In reality I believe that the improved TD probability for a better than average QB WILL be more dramatic for a long field than for a short field. To give an extreme example, consider 1st and goal from the 1 yard line. According to Burke's numbers, the TD probability for an average QB is about 70%. The best it could possibly be, for the greatest imaginable QB (say, the unholy, genetically engineered, cloned hybrid of Peyton Manning, Tom Brady, Bart Starr, Johnny Unitis, and Dan Marino) is 100% - a 42% improvement. On the other hand, 1st and 10 from your own 10 is a 16% TD probability for an average QB, but you can easily imagine a 32% probability for a phenomenally great QB - a 100% improvement.

  36. LamKram says:

    Of course, from the 1 yard line, the ability of the QB isn't as important as the team as a whole. So replace "QB" in my post above with "team" or "offense" and the point is still valid.

  37. Jeff Clarke says:

    "A 10% increase over 30% would represent a 33% improvement.

    A 10% increase over 53% would represent a 19% improvement.

    That is fuzzy math.

    I may be wrong here, but that is how I see it."

    I think you are wrong here.

    Lets assume that instead of adjusting the league averages for Manning, the Colts had Superman playing quarterback.

    Superman would obviously make the TD 100% of the time no matter where he played.

    So his increase would be

    47% over 53%...an 88% improvement

    70% over 30%... a 233% improvement.

    If you look at it this way, its actually a lot easier to increase 10% from 30%, because you are farther away from the ceiling.

    Perhaps the better question is what percentage of touchdowns would Manning get that other QBs wouldn't.

    Superman would get 100% of the TDs others wouldn't get so he'd get an extra 43% when others miss 43% and an extra 70% when others miss 70%.

    Manning isn't Superman. Lets say he is 25% better than league average (I just made up this number for the example...I don't know what the real number is).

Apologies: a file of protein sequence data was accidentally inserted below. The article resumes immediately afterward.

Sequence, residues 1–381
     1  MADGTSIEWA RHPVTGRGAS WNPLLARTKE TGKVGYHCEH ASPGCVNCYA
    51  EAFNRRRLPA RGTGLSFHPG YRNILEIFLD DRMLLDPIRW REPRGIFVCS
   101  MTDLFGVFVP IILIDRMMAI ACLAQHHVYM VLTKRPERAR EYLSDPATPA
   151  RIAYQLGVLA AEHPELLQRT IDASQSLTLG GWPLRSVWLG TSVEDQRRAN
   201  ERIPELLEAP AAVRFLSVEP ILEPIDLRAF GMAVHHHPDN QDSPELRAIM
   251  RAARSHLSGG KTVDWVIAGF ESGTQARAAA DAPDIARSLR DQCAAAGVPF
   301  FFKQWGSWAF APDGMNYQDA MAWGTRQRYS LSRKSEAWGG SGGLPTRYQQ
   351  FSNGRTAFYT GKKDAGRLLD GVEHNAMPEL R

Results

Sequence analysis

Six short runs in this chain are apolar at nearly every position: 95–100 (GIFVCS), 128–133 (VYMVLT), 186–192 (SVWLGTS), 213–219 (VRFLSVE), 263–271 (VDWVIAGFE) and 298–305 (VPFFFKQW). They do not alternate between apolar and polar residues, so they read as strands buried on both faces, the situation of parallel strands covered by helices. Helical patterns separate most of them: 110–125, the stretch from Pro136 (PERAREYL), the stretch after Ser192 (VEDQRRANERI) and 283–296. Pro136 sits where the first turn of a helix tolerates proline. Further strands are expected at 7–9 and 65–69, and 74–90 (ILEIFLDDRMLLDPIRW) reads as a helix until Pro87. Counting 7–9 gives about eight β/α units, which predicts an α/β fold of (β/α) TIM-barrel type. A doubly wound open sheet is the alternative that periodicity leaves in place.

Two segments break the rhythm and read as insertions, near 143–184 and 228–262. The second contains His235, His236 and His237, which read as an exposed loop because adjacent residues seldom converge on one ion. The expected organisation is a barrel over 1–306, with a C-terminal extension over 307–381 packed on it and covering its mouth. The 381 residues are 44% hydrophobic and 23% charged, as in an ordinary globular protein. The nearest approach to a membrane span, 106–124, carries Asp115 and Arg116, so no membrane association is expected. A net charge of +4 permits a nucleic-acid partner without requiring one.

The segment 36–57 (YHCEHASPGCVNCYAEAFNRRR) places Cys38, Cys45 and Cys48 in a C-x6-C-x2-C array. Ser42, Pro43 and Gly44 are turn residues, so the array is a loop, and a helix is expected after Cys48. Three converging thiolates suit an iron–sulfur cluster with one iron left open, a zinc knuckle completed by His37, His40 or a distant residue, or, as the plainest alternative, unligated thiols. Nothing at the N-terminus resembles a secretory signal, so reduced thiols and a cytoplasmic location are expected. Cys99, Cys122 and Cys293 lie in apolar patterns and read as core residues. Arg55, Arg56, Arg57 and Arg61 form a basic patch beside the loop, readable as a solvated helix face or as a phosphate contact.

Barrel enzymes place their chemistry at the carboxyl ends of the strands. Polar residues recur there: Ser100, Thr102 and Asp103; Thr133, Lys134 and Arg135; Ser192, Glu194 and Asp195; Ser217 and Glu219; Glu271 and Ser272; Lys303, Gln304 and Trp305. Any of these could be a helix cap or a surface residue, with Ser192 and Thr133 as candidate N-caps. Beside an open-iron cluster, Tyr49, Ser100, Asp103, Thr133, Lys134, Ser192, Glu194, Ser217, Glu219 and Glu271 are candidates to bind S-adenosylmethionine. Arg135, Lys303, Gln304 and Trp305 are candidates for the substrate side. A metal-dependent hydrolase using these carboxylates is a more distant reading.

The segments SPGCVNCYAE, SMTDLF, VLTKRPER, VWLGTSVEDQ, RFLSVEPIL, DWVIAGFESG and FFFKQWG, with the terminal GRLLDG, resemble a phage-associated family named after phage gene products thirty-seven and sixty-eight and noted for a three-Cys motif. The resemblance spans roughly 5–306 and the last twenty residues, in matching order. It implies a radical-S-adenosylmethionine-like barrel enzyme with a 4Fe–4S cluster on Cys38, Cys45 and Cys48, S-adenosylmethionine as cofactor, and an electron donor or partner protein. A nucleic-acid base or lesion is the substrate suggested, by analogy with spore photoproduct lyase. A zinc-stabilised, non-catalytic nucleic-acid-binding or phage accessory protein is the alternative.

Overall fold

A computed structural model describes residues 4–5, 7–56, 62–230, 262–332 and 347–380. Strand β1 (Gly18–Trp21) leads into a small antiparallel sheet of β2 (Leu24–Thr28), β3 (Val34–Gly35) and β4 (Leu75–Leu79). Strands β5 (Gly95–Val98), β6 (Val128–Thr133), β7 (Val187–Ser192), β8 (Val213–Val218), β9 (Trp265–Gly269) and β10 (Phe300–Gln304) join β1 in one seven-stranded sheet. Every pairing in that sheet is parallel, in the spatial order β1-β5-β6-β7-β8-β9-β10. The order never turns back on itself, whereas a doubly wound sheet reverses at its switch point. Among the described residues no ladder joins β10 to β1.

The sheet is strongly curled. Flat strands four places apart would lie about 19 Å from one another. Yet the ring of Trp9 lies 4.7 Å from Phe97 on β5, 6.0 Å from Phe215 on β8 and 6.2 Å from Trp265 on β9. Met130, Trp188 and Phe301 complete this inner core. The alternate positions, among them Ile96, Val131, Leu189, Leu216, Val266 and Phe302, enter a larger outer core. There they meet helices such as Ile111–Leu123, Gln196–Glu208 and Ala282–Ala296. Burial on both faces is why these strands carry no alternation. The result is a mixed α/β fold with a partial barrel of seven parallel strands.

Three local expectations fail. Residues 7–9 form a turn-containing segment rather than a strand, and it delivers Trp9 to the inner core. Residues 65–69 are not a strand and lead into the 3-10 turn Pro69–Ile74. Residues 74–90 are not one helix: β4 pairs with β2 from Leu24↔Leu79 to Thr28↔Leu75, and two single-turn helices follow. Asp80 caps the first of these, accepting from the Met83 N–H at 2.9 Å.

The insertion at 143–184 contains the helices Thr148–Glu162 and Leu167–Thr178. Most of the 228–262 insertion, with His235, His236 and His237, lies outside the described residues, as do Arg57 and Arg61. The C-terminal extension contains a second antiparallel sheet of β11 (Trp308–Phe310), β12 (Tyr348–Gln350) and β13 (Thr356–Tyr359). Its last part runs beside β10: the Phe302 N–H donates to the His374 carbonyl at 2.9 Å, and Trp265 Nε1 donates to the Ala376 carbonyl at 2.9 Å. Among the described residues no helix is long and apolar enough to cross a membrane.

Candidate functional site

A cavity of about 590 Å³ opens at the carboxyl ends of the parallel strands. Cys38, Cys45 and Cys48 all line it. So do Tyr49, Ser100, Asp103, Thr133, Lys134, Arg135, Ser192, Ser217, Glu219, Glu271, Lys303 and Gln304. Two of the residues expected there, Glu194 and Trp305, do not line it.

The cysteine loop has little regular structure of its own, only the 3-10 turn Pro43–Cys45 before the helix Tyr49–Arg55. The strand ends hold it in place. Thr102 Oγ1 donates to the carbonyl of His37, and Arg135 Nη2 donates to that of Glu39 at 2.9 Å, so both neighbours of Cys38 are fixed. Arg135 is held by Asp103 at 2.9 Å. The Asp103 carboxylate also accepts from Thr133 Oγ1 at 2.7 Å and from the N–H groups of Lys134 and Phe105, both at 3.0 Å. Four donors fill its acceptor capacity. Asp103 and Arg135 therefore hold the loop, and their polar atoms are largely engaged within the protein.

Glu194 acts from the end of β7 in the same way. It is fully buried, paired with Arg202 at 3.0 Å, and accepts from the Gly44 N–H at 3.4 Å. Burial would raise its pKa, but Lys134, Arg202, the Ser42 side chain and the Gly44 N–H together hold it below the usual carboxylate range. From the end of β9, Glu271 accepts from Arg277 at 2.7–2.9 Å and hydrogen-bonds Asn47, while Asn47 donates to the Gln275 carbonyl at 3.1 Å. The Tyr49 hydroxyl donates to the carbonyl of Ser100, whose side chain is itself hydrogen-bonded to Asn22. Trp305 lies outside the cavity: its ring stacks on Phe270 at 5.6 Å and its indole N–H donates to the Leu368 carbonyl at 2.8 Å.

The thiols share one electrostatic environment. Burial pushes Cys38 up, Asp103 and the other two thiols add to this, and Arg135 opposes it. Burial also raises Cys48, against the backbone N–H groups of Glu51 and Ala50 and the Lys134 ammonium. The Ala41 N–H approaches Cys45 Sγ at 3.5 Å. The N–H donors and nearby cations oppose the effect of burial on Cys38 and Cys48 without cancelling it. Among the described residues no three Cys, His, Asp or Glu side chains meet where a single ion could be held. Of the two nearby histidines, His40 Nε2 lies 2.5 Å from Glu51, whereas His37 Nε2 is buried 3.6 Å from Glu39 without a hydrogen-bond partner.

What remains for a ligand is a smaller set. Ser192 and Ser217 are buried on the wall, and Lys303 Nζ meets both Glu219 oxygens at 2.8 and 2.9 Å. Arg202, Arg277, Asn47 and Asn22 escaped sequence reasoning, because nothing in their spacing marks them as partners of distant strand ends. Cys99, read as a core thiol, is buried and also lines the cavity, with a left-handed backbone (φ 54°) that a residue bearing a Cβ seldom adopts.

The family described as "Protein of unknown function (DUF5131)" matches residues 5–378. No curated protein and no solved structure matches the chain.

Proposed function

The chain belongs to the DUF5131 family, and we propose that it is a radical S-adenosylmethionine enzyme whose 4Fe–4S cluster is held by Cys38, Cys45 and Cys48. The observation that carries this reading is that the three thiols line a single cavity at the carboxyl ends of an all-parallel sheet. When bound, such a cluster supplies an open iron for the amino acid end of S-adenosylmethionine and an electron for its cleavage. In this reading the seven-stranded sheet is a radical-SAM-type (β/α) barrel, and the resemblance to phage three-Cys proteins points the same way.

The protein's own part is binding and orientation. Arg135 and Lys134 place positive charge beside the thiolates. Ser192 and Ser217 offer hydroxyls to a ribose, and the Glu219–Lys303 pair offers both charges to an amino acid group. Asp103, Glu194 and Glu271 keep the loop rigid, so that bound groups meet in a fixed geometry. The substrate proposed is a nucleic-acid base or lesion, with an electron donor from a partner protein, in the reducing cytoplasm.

You would expect his % would increase from 30% to 47.5% (17.5% = .25 * 70%) from the 65

    He'd only increase to 65% from the 28 (12% = .25 * 43%)

  38. Jeff Clarke says:

    Darn LamKram posted the same thing I was thinking slightly earlier...

  39. LamKram says:

    Jeff: ha ha!

    Another argument why Manning is probably more dangerous than average on a long field than on a short field (relatively speaking): On a long field with time running out, the accuracy of the passer is key. The Colts would be running a lot of long sideline routes. On a short field, there is more opportunity for the running game (which the Colts did, in fact, use) and short routes, so there will be less distinction among different QBs as to the probability of a TD.

    In fact, given the way the final drive played out (short pass to Reggie Wayne and YAC for 15 yards, Joseph Addai run up the middle for 13 yards), it wasn't really "Peyton Manning on a short field" that the Patriots had to worry about, was it?

  40. Pat Laffaye says:

    LamKram: I am not going to dispute Brian's probability formula or your math. All is fine there.

    What I DON"T AGREE WITH is the numbers you guys used for P1, P28 & P66.

    Furthermore, P28 is really P29 because the Pats gained 1 yard on the 4&2. Also, as mentioned by others, Hansen averaged 44 yards per punt, so an average punt would place the ball on the IND 27, making the true estimate P73.

    I also mentioned on another thread that FOUR timeouts were used on that NE series, which again the model does not account for.

    Prove I'm wrong with real empirical data, and I'll be glad to work free for a week.

  41. Daniel Jepson says:

    Bravo to Brian and everyone else who has been vociferously championing the case for rational analysis of 4th-down decisions. The fact that people with entrenched opinions have simply kept their heads buried in the sand should be neither surprising nor discouraging - as Brian noted, even the fact that so much dialogue has taken place is an important first step. One could say that 4th-down analysis is today where elementary sabermetric concepts in baseball such as OPS were ten years ago.

    Also, to see why the punt becomes a less favorable option against an elite offense, call the probabilities involved P(S), the probability of a score from a short field, and P(L), the probability of a score from a long field. For reasons that you can probably work out for yourselves, a lower-bound estimate of P(L) in terms of P(S) - i.e., an estimate that is favorable to the case for punting - is P(L) = P(S)^r, where r is the ratio of the yards needed for a touchdown in the two cases. So as P(S) declines, P(L) declines faster, giving greater equity to the punting option against an inferior offense. You could call this (with a big hat-tip to Brian, of course) the punting paradox: the more disastrous, in absolute terms, a fourth-down failure would be in this situation, the better a gamble "going for it" becomes, all else being equal.

  42. Jeff Clarke says:

    "Also, as mentioned by others, Hansen averaged 44 yards per punt, so an average punt would place the ball on the IND 27, making the true estimate P73."

    Ridiculously small sample size. Those others seem to want to use 1 games punts instead of an entire season's because it helps their case. If you had a .270 hitter that went 3 for 4 on a night, would you really think he had a 75% chance of getting a hit in his 5th ab. Regression to the mean is definitely expected here.